By: Nikki Nies
One of the common first questions posed to new moms is bottle or nipple fed? While breastfeeding may be initially thought as unrealistic for working mothers, those feeling detached or with hectic schedules, perhaps you need a little a more convincing.
I’ve personally not given birth, but I can understand and empathize with the concept of wanting to provide the best for one’s children. The American Academy of Pediatrics (AAP) and the American College of Obstetricians and Gynecologists strongly recommend breastfeeding, as it’s one of the first, best acts of love a mother can give.
Benefits of Breastfeeding:
- Provides ideal amount of nutrients–provides perfect mix of vitamins, protein and fat
- More easily digested than infant formula
- Breast milk contains antibodies, which can help fight off bacteria and/or viruses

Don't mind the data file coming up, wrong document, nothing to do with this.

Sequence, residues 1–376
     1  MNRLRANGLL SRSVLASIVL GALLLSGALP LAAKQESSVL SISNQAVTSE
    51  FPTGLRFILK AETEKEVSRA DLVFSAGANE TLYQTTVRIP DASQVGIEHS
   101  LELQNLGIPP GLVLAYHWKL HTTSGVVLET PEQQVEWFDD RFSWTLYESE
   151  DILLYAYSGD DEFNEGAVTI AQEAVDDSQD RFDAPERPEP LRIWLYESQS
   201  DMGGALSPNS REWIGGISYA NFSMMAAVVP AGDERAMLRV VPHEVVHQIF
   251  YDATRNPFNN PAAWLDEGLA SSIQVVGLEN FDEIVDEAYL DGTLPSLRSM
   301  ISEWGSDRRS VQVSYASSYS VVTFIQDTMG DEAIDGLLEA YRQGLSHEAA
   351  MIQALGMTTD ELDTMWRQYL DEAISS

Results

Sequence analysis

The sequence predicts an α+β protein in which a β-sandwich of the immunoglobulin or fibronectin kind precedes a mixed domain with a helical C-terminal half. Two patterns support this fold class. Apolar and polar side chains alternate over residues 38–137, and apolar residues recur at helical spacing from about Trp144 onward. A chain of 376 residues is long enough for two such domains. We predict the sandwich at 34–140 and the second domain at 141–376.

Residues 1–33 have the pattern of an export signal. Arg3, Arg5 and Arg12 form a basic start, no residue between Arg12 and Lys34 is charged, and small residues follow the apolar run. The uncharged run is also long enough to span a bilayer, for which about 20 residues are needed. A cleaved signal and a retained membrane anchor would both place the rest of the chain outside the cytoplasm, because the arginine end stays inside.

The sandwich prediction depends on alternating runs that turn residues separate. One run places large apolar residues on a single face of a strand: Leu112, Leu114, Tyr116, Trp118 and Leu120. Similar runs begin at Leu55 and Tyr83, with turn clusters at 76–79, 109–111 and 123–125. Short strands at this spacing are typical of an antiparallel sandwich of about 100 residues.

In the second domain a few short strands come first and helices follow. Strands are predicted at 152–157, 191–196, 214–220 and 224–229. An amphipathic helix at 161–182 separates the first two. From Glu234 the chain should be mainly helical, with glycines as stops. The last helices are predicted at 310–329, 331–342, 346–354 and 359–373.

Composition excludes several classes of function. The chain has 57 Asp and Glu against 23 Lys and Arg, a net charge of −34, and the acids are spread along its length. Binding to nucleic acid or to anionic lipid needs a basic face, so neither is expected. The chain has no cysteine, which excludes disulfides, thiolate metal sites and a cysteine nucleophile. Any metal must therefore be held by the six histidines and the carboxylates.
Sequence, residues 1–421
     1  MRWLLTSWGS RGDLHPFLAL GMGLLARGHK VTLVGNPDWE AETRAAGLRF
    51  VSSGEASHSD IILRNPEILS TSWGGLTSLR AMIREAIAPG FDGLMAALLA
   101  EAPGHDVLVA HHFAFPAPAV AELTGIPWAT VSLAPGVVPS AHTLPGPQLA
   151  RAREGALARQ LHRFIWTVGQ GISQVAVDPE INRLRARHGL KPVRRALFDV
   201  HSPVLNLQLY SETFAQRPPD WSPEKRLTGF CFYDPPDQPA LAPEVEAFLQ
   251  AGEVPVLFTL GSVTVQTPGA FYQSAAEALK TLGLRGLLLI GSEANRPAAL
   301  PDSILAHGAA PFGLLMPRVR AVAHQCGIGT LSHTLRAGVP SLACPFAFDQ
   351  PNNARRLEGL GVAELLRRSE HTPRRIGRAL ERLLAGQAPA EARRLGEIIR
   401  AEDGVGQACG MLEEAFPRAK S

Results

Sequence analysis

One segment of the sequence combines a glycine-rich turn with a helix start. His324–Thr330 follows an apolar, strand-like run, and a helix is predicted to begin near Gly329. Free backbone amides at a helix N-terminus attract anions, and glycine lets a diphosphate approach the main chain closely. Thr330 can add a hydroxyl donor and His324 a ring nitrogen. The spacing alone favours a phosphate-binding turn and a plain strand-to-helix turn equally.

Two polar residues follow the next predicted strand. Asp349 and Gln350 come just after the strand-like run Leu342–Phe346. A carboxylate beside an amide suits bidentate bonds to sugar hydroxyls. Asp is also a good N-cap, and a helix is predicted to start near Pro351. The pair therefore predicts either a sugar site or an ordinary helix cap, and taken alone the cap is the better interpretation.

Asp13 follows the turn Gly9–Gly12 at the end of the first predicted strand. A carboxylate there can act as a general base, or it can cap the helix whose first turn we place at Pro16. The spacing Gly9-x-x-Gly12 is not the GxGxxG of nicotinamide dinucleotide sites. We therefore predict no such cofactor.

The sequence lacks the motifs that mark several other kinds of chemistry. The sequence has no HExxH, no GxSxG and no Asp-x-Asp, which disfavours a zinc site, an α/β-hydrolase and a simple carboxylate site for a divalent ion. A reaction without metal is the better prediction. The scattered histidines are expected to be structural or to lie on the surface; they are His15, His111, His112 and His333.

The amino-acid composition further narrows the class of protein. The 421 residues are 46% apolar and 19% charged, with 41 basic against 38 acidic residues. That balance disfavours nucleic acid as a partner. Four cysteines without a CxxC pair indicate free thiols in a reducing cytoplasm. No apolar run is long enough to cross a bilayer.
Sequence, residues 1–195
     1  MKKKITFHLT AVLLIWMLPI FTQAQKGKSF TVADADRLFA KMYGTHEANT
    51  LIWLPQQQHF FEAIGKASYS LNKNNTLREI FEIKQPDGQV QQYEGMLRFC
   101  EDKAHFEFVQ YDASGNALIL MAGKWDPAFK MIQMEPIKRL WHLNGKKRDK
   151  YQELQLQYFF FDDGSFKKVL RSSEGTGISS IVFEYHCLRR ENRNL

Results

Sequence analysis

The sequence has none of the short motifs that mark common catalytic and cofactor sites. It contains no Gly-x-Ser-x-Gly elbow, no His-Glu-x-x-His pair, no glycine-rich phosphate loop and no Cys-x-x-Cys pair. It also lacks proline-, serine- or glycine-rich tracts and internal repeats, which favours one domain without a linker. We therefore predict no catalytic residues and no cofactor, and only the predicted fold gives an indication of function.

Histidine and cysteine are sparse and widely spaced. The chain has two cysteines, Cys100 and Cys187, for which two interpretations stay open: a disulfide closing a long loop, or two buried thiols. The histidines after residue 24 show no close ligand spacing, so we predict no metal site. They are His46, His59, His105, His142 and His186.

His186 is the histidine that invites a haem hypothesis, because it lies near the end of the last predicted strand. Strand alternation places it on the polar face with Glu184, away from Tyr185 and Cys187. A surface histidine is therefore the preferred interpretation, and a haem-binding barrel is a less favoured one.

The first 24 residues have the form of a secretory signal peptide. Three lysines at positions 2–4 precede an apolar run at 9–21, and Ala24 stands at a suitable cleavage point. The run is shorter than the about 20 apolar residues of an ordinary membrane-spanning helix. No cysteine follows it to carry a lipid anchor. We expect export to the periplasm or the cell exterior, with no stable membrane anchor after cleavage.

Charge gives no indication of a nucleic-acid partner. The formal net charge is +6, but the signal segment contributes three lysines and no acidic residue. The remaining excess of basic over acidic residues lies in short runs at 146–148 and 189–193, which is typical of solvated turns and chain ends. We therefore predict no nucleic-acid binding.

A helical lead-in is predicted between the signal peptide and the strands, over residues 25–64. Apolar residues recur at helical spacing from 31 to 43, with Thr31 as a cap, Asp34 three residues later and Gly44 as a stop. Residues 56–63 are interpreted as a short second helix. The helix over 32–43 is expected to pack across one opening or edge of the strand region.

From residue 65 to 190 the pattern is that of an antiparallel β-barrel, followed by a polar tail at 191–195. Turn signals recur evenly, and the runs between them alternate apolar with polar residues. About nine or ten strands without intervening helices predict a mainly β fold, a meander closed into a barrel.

- Can satisfy baby’s emotional needs–best way to keep baby comfortable!
- Protects against Crohn’s disease
- Reduces risk of allergies and/or asthma
- When exclusively breast fed for first 6 months, may decrease risk of ear infections, respiratory illnesses and/or bouts of diarrhea
- Babies are less likely to be constipated
- Most convenient method of feeding!
- Breast milk composition provides newborn all the nutrients needed
- May increase intelligence in the future
- May need less trips to the hospital and/or doctor
- Increases maternal bond with newborn
- More likely for babies to to stay on target on growth charts
- Plays a role in the prevention of sudden infant death syndrome (SIDS)
- May lower future risk of diabetes, obesity and/or certain cancers
- For mothers, reduces risk of breast and ovarian cancer, increases recovery from childbirth, reduces risk of osteoporosis, burns extra calories–>helps one lose more pregnancy weight faster
- More environmentally friendly–less waste with formula cans and bottles
- More budget friendly–with breastfeeding, one doesn’t have to worry about purchasing baby bottles, sterilizing and/or measuring formulas
- Saves time!
Yes, every mother’s situation is different. If your doctor states your baby needs to be bottle fed temporarily, of course, bottle feed. But, if all’s clear, don’t knock breastfeeding until you’ve tried it. Make sure to try different positions and compare notes with friends on some useful tips. Good luck!